The method is implemented in "native" code. That is, code that does not run in the JVM. It's typically written in C or C++.
Regular Java class definitions are compiled to bytecode, held in class files. This bytecode is platform independent, and is translated into specific instructions for the architecture and operating system running the bytecode at run time.
Java native code necessities
1. We need to run some platform-specific code, perhaps referencing a platform specific library or making some operating system–level calls, or making some operating system–level calls.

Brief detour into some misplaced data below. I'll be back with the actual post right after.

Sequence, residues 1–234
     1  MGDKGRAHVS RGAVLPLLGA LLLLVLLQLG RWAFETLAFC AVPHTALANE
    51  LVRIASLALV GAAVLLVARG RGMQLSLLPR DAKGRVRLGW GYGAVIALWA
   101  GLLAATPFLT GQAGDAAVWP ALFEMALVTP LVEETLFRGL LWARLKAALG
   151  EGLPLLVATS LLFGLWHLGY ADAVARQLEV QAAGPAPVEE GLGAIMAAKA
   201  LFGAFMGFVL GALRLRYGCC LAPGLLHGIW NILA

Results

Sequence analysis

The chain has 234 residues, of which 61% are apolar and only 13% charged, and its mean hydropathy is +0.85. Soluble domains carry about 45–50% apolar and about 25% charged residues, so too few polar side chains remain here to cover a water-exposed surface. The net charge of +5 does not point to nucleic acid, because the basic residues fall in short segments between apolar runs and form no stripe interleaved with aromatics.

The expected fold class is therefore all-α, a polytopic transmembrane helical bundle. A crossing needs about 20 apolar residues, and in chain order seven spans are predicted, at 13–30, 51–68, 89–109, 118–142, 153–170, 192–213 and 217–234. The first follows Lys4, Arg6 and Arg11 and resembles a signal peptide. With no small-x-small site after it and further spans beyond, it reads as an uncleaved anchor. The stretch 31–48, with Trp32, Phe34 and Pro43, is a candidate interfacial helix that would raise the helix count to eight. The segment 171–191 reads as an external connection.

2. Hardware access and control.
3. Use of commercial software and system services[hardware related].
4. Use of legacy software that hasn't or cannot be ported to Java.
5. Using native code to perform time-critical tasks.
A native method is well-defined header in C or C++, identifying the class name, the Java method name, as well as its parameters and return type. When your code is loaded into the JVM, you need to register your native code so that it knows exactly what needs to be run when your native method is called.